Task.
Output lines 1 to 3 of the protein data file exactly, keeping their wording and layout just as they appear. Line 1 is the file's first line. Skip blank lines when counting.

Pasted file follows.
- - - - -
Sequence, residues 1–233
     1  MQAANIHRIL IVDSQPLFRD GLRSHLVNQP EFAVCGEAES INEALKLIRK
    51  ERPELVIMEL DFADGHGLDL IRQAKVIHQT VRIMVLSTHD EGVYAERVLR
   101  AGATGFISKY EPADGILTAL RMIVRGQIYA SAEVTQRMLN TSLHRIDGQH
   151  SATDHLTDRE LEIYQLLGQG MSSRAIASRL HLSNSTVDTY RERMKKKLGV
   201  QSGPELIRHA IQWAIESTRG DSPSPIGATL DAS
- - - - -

Sequence, residues 1–233
     1  MQAANIHRIL IVDSQPLFRD GLRSHLVNQP EFAVCGEAES INEALKLIRK
    51  ERPELVIMEL DFADGHGLDL IRQAKVIHQT VRIMVLSTHD EGVYAERVLR